होम > Daily-current-affairs

Daily-current-affairs / 26 Mar 2023

EU Weighs up Future of Wood-Burning As Renewable Energy Source : Daily Current Affairs


Date: 27/03/2023

Relevance: GS-3: Economic Development, Biodiversity and Environment.

Key Phrases: renewable energy source, subsidize wood burning, ecological consequences, sustainability of using firewood, European Academies Science Advisory Council.


  • The European Union (EU) is currently embroiled in a political debate over the future of firewood as a renewable energy source.

Key Highlights:

  • As the bloc aims to rid itself of dependence on Russian fossil fuels, it hopes to increase its renewable energy consumption to 45% by 2030.
  • Biomass, which includes firewood, currently makes up 60% of the EU’s renewable energy mix.
  • However, as the EU reviews its renewable power legislation, concerns have been raised about the sustainability of using firewood as a renewable energy source.
  • This means that member countries can subsidize wood burning, as long as certain sustainable sourcing rules are met.
  • The EU officially counts wood and other biomass as carbon neutral, based on the premise that CO2 emitted through burning will be reabsorbed by more trees in the future.

Do you Know?

  • For an equal amount of heat or electricity, burning wood releases more CO2 than burning gas, oil and even coal.
  • Burning firewood can release pollutants such as carbon monoxide, nitrogen oxides, and particulate matter, which can have negative health and environmental impacts.
  • The efficiency of firewood burning can vary depending on the type of stove or fireplace used, as well as the quality of the firewood.

Concerns of Environmentalist:

  • Some environmental groups argue that this subsidy setup is “insane” as EU citizens are paying energy companies to burn forests in the midst of a climate and biodiversity crisis.
  • Scientific study suggests that the trend to replace coal with wood pellets as a means of generating electricity actually increases atmospheric levels of carbon dioxide for substantial periods of time.
  • A 2019 report by the European Academies Science Advisory Council says the time it takes for carbon emissions associated with wood-burning to be evened out can range from years to decades or even centuries, depending on conditions.

Industry’s Claims:

  • Industry groups argue that responsibly sourced biomass is essential for the EU’s green transition, especially in providing renewable heat.
  • According to them, bioenergy needs to comply with strict sustainability criteria to ensure sourcing and use of biomass for energy does not cause any environmental harm or biodiversity loss.
  • The European Parliament is proposing to limit subsidies for burning wood taken directly from forests and instead restrict state support to secondary wood products like sawdust.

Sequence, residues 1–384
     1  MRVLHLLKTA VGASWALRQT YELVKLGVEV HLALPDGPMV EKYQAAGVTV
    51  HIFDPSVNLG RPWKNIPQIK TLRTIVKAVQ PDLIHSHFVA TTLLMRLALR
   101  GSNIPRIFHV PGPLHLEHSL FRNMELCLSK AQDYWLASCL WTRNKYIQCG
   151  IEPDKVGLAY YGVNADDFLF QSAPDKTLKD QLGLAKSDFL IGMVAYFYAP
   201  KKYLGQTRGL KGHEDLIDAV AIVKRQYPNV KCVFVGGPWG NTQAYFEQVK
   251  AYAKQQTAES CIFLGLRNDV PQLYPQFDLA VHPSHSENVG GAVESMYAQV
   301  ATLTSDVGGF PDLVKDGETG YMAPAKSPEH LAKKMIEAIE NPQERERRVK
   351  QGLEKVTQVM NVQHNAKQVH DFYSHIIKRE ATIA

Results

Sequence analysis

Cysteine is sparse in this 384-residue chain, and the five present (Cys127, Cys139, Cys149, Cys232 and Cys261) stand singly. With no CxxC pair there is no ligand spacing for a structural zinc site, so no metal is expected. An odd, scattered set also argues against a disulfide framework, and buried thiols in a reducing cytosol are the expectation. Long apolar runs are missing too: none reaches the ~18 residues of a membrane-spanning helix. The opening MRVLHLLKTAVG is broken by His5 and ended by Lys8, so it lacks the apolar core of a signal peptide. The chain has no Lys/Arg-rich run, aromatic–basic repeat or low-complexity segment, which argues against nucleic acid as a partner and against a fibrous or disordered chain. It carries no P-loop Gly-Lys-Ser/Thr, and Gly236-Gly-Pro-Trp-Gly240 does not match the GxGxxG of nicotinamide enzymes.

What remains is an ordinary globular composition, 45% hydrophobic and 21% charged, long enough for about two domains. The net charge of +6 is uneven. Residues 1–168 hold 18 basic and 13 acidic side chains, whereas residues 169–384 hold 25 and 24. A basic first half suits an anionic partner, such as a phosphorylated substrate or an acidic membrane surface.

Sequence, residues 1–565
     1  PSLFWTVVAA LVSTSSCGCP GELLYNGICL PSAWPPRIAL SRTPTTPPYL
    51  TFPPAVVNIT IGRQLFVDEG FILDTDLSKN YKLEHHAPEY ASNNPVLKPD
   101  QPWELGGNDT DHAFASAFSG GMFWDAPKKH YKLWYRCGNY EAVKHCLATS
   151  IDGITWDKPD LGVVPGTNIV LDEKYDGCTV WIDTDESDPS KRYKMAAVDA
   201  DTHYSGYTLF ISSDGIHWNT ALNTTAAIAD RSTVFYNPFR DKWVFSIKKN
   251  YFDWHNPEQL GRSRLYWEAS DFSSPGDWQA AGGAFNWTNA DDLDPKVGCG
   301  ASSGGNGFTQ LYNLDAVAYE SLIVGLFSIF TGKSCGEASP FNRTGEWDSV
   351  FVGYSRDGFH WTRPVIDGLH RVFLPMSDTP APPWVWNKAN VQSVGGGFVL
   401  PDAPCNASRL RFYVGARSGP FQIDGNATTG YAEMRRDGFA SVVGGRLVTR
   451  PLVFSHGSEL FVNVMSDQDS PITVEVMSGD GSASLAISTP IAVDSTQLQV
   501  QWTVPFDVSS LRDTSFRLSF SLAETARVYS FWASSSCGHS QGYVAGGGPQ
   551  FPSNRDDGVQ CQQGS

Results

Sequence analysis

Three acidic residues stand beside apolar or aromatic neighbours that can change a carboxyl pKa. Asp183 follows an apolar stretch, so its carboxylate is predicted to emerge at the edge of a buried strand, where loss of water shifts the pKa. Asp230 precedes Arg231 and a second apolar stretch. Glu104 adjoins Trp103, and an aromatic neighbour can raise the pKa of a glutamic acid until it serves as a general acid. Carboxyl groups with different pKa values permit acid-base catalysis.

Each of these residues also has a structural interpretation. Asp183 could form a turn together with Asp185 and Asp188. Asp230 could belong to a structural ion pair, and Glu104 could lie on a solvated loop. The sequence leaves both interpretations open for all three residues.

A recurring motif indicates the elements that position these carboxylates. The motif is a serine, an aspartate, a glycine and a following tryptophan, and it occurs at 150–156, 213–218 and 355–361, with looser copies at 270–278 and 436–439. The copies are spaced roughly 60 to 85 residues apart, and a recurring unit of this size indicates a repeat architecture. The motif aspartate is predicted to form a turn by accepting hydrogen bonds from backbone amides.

• Lawmakers also want to phase down the amount of wood that counts toward EU renewable energy targets. This proposal aims to limit the unsustainable and inefficient use of wood.
  • However, industry groups argue that this would disturb the practicalities of forest management, lead to further supply shortages of sustainable biomass, and thus impair energy security and increase prices.

Way Forward:

  • The biomass must be sourced from sustainably managed forests, with logging practices that do not lead to deforestation or degradation of forest ecosystems.
  • The use of biomass must not compete with other essential land uses, such as food production or conservation areas.
  • The greenhouse gas emissions of using biomass for energy must be lower than those of fossil fuels.
  • Furthermore, it is essential to consider the environmental impact of wood-burning.
  • Burning wood releases particulate matter and carbon dioxide, which contribute to air pollution and climate change, respectively.
  • The use of appropriate combustion technology, such as low-emission stoves and boilers, is necessary to minimize environmental impact.
  • The sourcing and transportation of biomass must be optimized to minimize carbon emissions.
  • Another important consideration is the impact of biomass use on biodiversity. Large-scale biomass production can lead to habitat destruction and loss of biodiversity, which could have severe ecological consequences.
  • Therefore, the use of biomass for energy should be balanced with conservation efforts to protect and restore biodiversity.


  • The EU’s debate over the future of firewood as a renewable energy source highlights the complexities of transitioning to a greener energy system.
  • While firewood may seem like a sustainable and renewable option, concerns about its sustainability and efficiency have been raised.
  • The EU needs to strike a balance between ensuring energy security, meeting its renewable energy targets, and protecting the environment and biodiversity.
  • It remains to be seen how the EU will resolve this debate and shape its renewable energy policy in the coming years.

Source: The Indian Express

Mains Question:

Q. The use of biomass, including firewood, is a significant part of the EU's renewable energy mix. Discuss the sustainability criteria required for sourcing and using biomass for energy and the environmental impact of wood-burning. (250 words).

किसी भी प्रश्न के लिए हमसे संपर्क करें